Create Your Own Mary Garden

Create Your Own Mary Garden

Creating a Mary Garden in your yard will help you honor Our Lady, teach your children about her, and give you a place to pray and ask her to intercede on your behalf.

By Anne Metz

Creating a Mary Garden in your yard will help you honor Our Lady, teach your children about her, and give you a place to pray and ask her to intercede on your behalf.


First you’ll want to choose a spot in your yard for your Mary Garden. Ideally, you’ll want a bright spot, that gets lots of sun. But don’t worry if you need to choose a shady spot, we’ll address that later. You’ll also want to consider how you want to use this area. Would you like your Mary Garden in a prominent place where you’ll see her often? Or, would you like to tuck her into a more private area where you and your family can retreat too when you’d like to have some quiet time in prayer? Once you consider all these things, pick your spot and prepare the soil for planting.

A Mary Statue

The basis for a Mary Garden is a statue of Mary. Your choice will depend on your budget and the size of your garden. If you are budget-conscious, shop around at thrift stores, wholesale landscaping warehouses, flea markets, and online yard sale sites. You can even try your local Buy Nothing Group!

If your garden space is small, you can even shop for smaller Mary statues that are designed for indoors. Just be sure to properly coat the statue so it can be left outdoors. If you are in an apartment, you can even use a small Mary statue and plants in a window box. This is the time to get creative in your small space!

The Flowers for your Mary Garden

There are certain flowers that are typically associated with Mary, so you might like to incorporate these into your garden.

Some Examples are

Lilies - Mary is often pictured holding a lily.

Columbine - also called Our Lady’s Slipper.

Roses - During May processions, a statue of Mary is often crowned with a ring of roses.

Marigolds - Early Christians were the first to honor Mary by planting flowers for her and marigolds were some of the first flowers they used.

But do not feel obligated to plant these specific flowers. Choose what you like and what works best in your space.

Since we honor Mary in her month of May, it is fitting to have flowers blooming in the Mary Garden during this month. In my gardening zone of 6a, flowers that bloom in early May are lilacs, creeping phlox, and azaleas, with irises, spiderwort, and bee balm on the way. Take a walk around your neighborhood, see what’s in bloom around you, and make a note of flowers you like.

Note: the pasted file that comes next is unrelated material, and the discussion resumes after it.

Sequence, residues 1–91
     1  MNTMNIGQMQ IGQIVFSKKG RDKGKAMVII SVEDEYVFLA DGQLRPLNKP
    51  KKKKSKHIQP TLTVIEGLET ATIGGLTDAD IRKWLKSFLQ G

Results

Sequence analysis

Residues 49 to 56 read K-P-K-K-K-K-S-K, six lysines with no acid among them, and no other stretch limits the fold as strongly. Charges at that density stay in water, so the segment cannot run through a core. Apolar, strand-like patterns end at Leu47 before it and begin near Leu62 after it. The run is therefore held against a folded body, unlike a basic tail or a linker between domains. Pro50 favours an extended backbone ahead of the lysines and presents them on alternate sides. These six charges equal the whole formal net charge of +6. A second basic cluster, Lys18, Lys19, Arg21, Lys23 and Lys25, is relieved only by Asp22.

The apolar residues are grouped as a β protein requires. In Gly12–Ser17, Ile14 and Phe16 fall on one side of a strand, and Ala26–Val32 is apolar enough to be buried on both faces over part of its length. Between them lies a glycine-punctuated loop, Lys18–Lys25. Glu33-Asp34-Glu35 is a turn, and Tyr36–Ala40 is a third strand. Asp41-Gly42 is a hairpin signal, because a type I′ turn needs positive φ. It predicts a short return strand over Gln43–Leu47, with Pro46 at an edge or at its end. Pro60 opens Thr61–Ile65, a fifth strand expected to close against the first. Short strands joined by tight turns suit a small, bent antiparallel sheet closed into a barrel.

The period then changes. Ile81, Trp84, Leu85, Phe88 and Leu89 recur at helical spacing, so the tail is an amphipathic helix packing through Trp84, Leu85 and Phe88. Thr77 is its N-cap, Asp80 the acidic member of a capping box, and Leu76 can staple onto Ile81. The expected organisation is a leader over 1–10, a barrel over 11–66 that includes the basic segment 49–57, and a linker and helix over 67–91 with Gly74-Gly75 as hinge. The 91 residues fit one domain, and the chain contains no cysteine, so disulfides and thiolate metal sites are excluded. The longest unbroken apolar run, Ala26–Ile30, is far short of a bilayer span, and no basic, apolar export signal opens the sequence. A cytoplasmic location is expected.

As you walk around, you’ll also want to be aware of the sun exposure your favorite flowers are getting. If you have a shade garden, you’ll want to make sure you are looking for things that are growing well in the shade. Bleeding heart, azaleas, and hostas all do very well in the shade.

Annuals are also a great option for your Mary Garden. Planting annuals around your Mary Statue this year will give you time to plan out which perennial flowers you might like to plant while still giving you beautiful blooms for Mary. Planning on annuals every year allows you and your family to make sure you spend time visiting the Mary Garden each spring.

You’ll also want to consider the size of the plants. If you don’t have a large space for your Mary Garden, stick to smaller plants. You don’t want the plants to grow over the statue and cover your view of Mary. Larger plants or shrubs can be placed to the sides or the back of Mary. If you have the room for it, this option really anchors Mary into the space and defines the garden.

Spending time in the Mary Garden

Once you have your Mary Garden in place, plan to spend time there. If your Mary Garden is in a secluded section of your yard, use this area to pray. Bring your kids to the Mary Garden and tell them about her, her fiat, about how she is Queen of Heaven, our perfect Mother in Heaven who is praying for us and who will intercede for us. Teach your children to pray the Hail Mary here. Teach them about intercessory prayer. Teach them to trust in God’s plan for us just as Mary did.

If your Mary Garden is in a more prominent place, for example, by your front door, it may not be convenient to enter into deep prayer each time you pass it. But you can create the habit of praying a Hail Mary every time you pass her statue. What better way to enter and leave your house each day?

There is a lot to consider when creating a Mary Garden, but don’t overthink it. As a gardener myself, the best way I’ve learned is by making mistakes. You can always change out plants or move things around to get the feel you want in your Mary Garden. The most important thing is to remember why we create Mary Gardens - to honor Mary.

When she’s not writing about faith, Anne Metz works for Growing Catholics, whose mission is to bring Scripture to all, especially tweens and teens.


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